Of course, in the long run, even Libert concedes that profits still a relatively easy thing to count have to be made, and that is what Wall Street ultimately looks for.
By the way, Libert has some stunning figures for fans of old-school investing: “If you invested $100 on Wall Street in 1982 (in a broad mix of stocks), you would have $1,200 at the end of 1999. If you had invested $100 in software stocks, you would have $31,000. If you invested in real estate, you would have $400.” (Libert made those calculations according to broad sector indexes.)
The idea that something safe and solid like real estate is a hard asset that serves as a perceived safety net for the investor is dead as a doornail, according to Libert. “That’s not how value is created today,” he says.
At least that’s been the case during the most recent cycle on Wall Street.
Financial Dot-Com Deal
Online investment advice Web site iExchange.com, incubated by Idealab in Pasadena, recently inked a deal with Waltham, Mass.-based Lycos Inc., the big Web outfit, in which iExchange will provide Lycos Investment Channel with investment research through a new co-branded site, www.iexchange.lycos.com.
The marriage should heighten iExchange’s visibility, since Lycos claims 33 million monthly visitors who will be but one click away from iExchange, a sort of online grassroots investor forum where anybody can become a self-styled analyst and post recommendations. “Analysts” are then ranked according to how their predictions play out.
So far, iExchange has ranked 8,200 “analysts,” who have posted a total of 73,000 reports on 6,400 companies. “Analysts” are not required to have any training or credentials. Their rankings are strictly performance-based; the better their stock picks perform, the higher they move in the rankings.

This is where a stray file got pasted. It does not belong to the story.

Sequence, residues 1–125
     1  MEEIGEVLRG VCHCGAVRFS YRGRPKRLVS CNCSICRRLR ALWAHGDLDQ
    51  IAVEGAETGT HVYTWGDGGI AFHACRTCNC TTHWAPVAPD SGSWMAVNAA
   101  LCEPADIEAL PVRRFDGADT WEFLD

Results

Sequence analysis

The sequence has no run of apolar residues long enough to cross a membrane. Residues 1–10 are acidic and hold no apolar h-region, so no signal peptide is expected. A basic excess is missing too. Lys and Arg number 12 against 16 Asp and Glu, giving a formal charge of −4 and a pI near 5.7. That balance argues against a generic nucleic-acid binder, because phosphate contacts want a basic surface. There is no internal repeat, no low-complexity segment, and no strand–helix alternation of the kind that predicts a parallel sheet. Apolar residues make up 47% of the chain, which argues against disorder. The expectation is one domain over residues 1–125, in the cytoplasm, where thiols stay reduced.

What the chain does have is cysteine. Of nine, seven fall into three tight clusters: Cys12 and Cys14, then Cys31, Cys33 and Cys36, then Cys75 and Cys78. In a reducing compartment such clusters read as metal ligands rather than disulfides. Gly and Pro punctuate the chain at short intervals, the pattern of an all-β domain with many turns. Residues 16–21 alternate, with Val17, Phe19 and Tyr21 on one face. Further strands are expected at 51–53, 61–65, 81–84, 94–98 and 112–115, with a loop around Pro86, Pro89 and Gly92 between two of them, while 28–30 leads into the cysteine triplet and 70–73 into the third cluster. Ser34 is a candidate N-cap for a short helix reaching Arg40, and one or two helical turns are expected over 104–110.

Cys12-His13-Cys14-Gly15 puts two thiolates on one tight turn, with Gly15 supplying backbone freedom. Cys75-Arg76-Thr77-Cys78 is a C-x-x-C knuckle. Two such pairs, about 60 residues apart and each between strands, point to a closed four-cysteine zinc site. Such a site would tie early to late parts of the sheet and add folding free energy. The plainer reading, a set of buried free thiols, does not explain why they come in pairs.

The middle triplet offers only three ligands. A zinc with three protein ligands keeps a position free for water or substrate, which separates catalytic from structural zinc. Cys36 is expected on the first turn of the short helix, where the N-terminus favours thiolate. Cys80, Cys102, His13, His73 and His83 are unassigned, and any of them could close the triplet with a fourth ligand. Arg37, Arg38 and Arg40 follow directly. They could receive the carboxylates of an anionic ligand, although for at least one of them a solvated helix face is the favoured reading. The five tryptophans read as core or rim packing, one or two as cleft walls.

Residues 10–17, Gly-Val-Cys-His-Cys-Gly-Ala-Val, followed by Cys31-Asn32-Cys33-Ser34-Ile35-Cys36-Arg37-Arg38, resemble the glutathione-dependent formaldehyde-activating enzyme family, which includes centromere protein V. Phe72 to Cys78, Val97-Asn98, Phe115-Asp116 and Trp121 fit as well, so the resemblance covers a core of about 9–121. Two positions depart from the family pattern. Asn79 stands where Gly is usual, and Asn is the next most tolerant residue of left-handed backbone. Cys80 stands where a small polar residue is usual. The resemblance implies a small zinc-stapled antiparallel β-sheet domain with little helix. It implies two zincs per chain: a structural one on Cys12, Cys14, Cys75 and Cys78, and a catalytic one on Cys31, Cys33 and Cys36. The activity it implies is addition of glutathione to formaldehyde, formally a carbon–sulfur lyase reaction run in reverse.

Analysts hope that they will develop a high enough ranking over time to entice Web surfers to pay for a peek at their picks. (Analysts then split the proceeds with iExchange.)
The track record on “analysts” appearing on iExchange, which has been in business about a year, is too fresh to test. But some of the stock-pickers are carrying hot hands.
One, identified as “Yogi,” who describes himself as legally blind, has posted and “closed out,” or sold, 19 picks since October 1999, for an average return per pick of 134 percent. His annualized return, as reported by iExchange, is 1,769 percent.
However, it should be noted that on 24 current and open recommendations, Yogi is down 7 percent as of last week. As they say, past is prologue, except when it is not.
By the way, iExchange doesn’t necessarily snub all professional analysts. In mid-June the site linked up with 66-year-old Argus Research Corp., an independent investment research and marketing organization, and made available Argus reports to Web surfers.
Argus was the first institutional research firm to submit itself to iExchange’s ranking system.
Contributing columnist Benjamin Mark Cole writes about the local investment community for the Los Angeles Business Journal. He can be reached at firstname.lastname@example.org.